This does require a level of skill to achieve a completely flat and level surface. Therefore, it is less likely to be a DIY project and you would probably benefit hiring a professional
Using a self-levelling floor screed is much easier. However, preparation is key to a good finish. This means the floor will need to be clean, and you will need to remove any dust or debris before you start work.
You will Then need to mix the compound, following the instructions on the bag. Once the mixture is at the right consistency, you can start to pour the mixture in the area furthest away from the door.
Begin using your steel trowel to evenly spread the compound, while working your way backwards out of the room. As you work, you should also use a spiked roller to help remove air bubbles and achieve a smooth finish.
Keep adding the self-levelling as you progress back through the room, doing your best to spread it evenly. Following this, the compound will find its own level and form a smooth level finish.
This is a job that you can carry out yourself, it is much easier than a sand and cement screed and doesn’t really require any high level of skill. The key is to prep the area well and to spread the compound evenly, and relatively quickly, before it goes off.
Do you screed before or after plastering?
If you have a project that involves plastering and floor screeding, you might be wondering whether to plaster first, or screed.
In most instances, you should screed before plastering. Screeding provides a level surface which makes it easier to work off. If you are boarding and then applying a skim coat of plaster, it makes sense to screed before you plaster. This will ensure that the plasterboards can sit level with the floor.
If you do screed after boarding and plastering the walls, this could lead to your plasterboards absorbing moisture from the screed, which could cause the plasterboard to swell and deteriorate, if they are not moisture resistant boards, if they are not moisture resistant boards. This could leave a damaged area around the bottom of the room, that ultimately needs removing and replacing.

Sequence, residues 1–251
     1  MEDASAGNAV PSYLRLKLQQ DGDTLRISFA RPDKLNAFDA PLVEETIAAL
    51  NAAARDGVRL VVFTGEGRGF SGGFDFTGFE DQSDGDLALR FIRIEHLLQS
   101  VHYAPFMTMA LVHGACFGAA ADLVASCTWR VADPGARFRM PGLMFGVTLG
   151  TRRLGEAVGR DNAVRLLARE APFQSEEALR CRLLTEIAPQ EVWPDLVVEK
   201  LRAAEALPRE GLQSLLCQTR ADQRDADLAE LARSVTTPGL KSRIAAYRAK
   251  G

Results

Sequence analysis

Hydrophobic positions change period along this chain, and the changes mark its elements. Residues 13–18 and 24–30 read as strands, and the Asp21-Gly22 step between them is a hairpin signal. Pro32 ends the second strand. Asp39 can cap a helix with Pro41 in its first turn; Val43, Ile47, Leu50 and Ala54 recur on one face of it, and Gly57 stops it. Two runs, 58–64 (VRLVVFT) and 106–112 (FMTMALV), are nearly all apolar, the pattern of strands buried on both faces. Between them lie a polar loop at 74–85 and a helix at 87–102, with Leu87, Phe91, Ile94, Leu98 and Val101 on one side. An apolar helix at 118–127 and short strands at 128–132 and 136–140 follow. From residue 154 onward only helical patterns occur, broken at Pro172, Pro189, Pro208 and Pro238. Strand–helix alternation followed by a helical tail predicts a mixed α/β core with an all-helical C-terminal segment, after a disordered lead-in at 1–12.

It is possible to overcome this problem by keeping the boards off the floor when fitting. If you know you will be screeding, you should leave a gap between the floor and the plasterboard. This should be slightly more than the thickness of the screed. Doing this, will ensure that the moisture from the screed won’t transfer into the boards. Any gap left over will be hidden by the skirting boards.
Whilst some plasterers can take care of screeding, it is not always the case. Floor screeding is a skilled job that requires experience. If your plasterer doesn’t have experience, they are probably not the best person for the job.
Hiring an experienced professional, will ensure a smooth and level finish, which is why it’s always best to use a floor screeding specialist.
If you are only using self-levelling, you can probably take care of this type of screeding yourself, but do remember, it is a job that will require care, attention, and the right preparation to achieve a smooth and level finish.